2194
2003 Wiley-VCH Verlag GmbH & Co. KGaA, Weinheim
O
acetone, RT
HN
O
R
4a-g (45-73%)
O
O
O
O
1
OH
I
O
I
O
R
3a-g
AcO
O
O
a: R = (S)-CH(CH3)CO2CH3
b: R = (R)-CH(CH3)CO2CH3
c: R = (S)-CH(CH2Ph)CO2CH3
d: R = (S)-CH(i-Bu)CO2CH3
e: R = CH2CH2CO2H
f: R = CH(CH3)CH2CO2H
g: R = (R)-CH(Ph)CH3
Scheme 1. Preparation of 2-iodoxybenzamides 4 a–g.
compounds, such as esters of natural a-amino acids (4 a, 4 c,
and 4 d) and non-natural amino acids (4 b), b-amino acids (4 e
and 4 f), and (R)-1-phenylethylamine (4 g). Optical rotation
measurements showed substantially greater [a]D values for
the chiral products 4 relative to the respective amino acids,
and, as expected, the values for oxidants 4 a and 4 b, derived
from l- and d-alanine, respectively, were opposite in sign and
nearly equal in magnitude.[4] It is interesting to note that the
dioxirane oxidation of ester derivatives 3 a–d does not result
in the formation of cyclic benziodazoles, as has been observed
in the oxidation of 2-iodobenzamides derived from a-amino
acids[5a] and some other precursors.[5b–d]
Products 4 were characterized by elemental and spectroscopic analysis, as well as single-crystal X-ray analysis in the
case of 4 c.[6, 7] IR spectra of all compounds showed an N-H
absorption at about ñ = 3300 cm1, a carbonyl stretch at ñ =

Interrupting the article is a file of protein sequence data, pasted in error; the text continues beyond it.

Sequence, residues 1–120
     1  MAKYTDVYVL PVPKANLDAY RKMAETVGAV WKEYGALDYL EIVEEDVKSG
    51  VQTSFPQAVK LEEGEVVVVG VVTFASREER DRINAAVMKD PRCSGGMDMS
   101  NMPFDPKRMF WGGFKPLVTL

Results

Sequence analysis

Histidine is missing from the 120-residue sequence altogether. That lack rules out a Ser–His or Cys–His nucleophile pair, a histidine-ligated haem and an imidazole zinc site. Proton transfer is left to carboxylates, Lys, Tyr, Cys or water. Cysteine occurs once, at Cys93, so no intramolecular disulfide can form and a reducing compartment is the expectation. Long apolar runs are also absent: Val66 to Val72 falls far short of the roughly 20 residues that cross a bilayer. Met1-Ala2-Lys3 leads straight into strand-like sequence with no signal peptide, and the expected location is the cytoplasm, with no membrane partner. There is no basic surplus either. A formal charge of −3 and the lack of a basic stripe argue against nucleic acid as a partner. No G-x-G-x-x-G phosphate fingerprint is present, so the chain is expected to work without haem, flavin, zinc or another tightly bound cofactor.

DOI: 10.1002/anie.200351018
Angew. Chem. Int. Ed. 2003, 42, 2194 – 2196
Angewandte
Chemie
1610–1620 cm1, and an I¼O absorption at ñ = 780–740 cm1.
The signals of the N-H protons in the 1H NMR spectra of
compounds 4 were observed as a characteristic doublet
(broad singlet for 4 e) centered at about d = 9.6 ppm. The
most characteristic signals in the 13C NMR spectra of
compounds 4 were those of the carbon atom of the amide
carbonyl group at d = 165–166 ppm and C-IO2 at d =
ca. 149 ppm. All products 4 have moderate solubility in
common organic solvents, such as chloroform, dichloromethane, and acetonitrile.
A single crystal of 4 c suitable for X-ray crystallographic
analysis was obtained through the slow evaporation of an
acetonitrile solution and was analyzed as the respective
solvate. The unit cell consists of four crystallographically
independent molecules that are pseudocentrosymmetrically
arranged in a tetrameric structure (Figure 1). Strong second-
The solid-state structure suggests that the partial replacement of intermolecular I···O bonds with intramolecular I···O
bonds through the introduction of an ortho substituent is
crucial for stabilization and improved solubility.[9, 10] Furthermore, intermolecular I···O interactions in other iodyl benzene
derivatives afford structures best described as polymeric,
which accounts for their more limited solubility in comparison
to 4 c, with its discrete tetrameric structure. The significance
of secondary I···O bonding interactions in previously reported
iodylbenzene derivatives,[9] including a 2-sulfonyl-substituted
iodylbenzene, has recently been discussed by Protasiewicz
and co-workers.[10a]
Preliminary experiments demonstrate that 2-iodoxybenzamides show aspects of reactivity similar to both IBX and